There is no argument that the combined effects of low-cost production and advanced processing technology will keep Asia as the manufacturing hub for global electronic products. The concern is on how the US economic development will affect the Asian region. Much of Asia's tech sector growth, according to managers, will be in large part hinged on outsourcing. And, they say, it looks good every which way the US market goes.

India, for instance, received most of the software compliance work outsourced by developed countries in the period leading up to the Y2K countdown. As a result of their successful execution, the Indian city of Bangalore is now the hot favorite of western companies contracting out their web development work and remote services via the internet. The country's software export grew from $50 million a decade ago to $4 billion last year. Merrill Lynch's Khalpey expects that figure could multiply 10 times within five years.

Bad news on semis

On semiconductor manufacturing, it is even more unlikely Asia will lose out. A case in point is the production of wafer fabs (semiconductors), which are transiting from the current size of 8 inches to 12 inches. According to JF's Lee, 50 labs were built to produce fabs in 1996. The number has dwindled since. Next year there will only be 19 built. Lee states two reasons for the declining trend.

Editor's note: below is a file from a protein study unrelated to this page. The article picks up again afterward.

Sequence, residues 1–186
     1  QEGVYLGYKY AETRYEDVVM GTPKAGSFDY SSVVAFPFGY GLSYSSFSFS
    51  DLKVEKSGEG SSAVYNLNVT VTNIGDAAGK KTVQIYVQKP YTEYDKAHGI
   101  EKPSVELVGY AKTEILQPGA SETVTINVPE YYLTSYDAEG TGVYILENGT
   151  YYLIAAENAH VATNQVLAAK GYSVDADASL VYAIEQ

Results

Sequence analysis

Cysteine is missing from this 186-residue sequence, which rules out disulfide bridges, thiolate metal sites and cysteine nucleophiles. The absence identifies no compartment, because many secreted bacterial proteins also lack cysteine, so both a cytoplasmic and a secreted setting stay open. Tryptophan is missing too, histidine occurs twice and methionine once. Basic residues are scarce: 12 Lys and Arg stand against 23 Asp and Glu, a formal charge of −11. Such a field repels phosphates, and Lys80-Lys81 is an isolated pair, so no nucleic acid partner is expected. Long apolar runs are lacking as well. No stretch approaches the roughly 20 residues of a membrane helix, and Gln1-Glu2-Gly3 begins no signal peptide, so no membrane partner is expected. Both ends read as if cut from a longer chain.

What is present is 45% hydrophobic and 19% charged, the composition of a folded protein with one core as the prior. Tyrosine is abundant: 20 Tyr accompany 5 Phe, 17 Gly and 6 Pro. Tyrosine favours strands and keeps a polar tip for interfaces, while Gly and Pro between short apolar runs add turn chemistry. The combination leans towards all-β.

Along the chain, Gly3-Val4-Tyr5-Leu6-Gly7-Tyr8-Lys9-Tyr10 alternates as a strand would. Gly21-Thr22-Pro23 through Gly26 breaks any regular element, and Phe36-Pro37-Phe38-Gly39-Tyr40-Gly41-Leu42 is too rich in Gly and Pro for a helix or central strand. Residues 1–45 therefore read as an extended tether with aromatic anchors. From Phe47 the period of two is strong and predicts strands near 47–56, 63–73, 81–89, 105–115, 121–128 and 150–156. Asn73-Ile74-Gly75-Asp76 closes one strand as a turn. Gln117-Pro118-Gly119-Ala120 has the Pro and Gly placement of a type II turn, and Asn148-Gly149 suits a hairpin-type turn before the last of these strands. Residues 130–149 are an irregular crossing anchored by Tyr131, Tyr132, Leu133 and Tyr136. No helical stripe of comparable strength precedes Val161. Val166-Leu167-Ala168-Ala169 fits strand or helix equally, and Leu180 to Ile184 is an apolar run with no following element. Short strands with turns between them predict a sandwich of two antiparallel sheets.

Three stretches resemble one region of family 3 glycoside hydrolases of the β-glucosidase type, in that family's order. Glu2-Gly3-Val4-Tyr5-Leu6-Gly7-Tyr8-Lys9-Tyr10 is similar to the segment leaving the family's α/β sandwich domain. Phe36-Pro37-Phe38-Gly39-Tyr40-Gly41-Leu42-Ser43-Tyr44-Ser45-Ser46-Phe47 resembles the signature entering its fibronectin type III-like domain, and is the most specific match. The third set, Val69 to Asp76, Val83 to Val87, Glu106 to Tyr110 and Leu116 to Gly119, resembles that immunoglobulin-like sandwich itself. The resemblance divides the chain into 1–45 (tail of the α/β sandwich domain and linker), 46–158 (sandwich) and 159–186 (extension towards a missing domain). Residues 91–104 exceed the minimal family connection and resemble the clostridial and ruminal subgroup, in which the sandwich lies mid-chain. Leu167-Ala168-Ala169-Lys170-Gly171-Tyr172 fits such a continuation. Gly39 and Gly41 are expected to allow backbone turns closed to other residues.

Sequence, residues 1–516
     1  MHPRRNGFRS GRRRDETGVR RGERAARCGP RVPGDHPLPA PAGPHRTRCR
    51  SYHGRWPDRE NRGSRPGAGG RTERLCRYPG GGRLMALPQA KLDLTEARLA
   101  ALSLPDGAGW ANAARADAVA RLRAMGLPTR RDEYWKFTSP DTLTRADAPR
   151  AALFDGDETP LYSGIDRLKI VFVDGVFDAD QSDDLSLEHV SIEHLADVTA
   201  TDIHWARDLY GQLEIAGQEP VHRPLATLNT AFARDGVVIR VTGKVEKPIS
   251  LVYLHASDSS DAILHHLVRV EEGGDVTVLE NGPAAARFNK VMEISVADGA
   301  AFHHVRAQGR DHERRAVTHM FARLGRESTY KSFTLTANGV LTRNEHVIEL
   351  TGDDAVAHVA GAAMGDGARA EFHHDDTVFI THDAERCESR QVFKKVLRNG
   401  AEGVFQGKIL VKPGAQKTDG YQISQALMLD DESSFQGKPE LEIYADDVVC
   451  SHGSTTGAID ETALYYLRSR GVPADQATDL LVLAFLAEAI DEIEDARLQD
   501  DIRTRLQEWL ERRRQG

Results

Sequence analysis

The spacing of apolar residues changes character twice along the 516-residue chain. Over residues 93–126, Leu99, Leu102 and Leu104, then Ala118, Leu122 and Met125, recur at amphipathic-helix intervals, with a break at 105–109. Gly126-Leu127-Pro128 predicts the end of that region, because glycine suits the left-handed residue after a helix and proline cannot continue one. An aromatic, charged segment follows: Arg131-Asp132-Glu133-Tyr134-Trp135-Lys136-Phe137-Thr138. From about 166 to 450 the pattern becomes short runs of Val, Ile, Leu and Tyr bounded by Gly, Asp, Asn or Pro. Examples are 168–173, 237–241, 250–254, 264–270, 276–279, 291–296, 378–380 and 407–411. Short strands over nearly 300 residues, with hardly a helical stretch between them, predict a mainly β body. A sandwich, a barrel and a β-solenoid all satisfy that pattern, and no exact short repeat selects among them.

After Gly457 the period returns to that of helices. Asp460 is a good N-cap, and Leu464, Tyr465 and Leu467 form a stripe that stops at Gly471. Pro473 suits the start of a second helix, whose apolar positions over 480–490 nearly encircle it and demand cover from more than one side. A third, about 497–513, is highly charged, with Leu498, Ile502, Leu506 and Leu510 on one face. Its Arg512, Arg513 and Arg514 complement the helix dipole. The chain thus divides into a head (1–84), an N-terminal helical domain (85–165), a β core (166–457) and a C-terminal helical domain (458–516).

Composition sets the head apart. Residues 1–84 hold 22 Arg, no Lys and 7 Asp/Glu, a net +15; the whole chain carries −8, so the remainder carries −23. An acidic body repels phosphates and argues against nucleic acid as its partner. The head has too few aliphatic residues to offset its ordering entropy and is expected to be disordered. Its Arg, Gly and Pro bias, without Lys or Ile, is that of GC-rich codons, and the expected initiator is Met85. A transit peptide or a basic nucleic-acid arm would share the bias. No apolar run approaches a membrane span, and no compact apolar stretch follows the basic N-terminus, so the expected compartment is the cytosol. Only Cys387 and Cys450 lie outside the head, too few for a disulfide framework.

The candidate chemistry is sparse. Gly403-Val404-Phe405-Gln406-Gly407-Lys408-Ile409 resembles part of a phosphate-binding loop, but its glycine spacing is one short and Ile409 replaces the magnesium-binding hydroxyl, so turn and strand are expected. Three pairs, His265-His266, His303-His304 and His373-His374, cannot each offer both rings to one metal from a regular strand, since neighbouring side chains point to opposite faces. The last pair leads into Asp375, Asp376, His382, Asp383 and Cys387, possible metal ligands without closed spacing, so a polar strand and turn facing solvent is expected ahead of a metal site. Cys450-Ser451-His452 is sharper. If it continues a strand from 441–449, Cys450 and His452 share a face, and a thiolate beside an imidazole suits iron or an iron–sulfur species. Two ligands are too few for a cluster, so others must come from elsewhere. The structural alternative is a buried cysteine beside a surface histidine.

First, it has become prohibitively expensive for smaller players to build a new fab manufacturing plant, which can cost as much as $3.5 billion. Second, as the fab size is slowly migrating from eight inches to 12 inches, no one wants to invest in the old technology, while the new one is even more expensive. Major traditional players such as Motorola, on the other hand, prefer to focus on the design and marketing side of the business than having their capital tied up in fab production, which they have started to outsource. In the event of a slowdown of the US economy, managers say, the outsourcing trend will grow as companies tend to cut costs when business is in the doldrums.

The latest news from Taiwan this month is that the island's semiconductor industry is going to spend NT$14 trillion on upgrading manufacturing facilities in the next decade, plus building at least 15 new 12-inch wafer fab plants in a few years' time.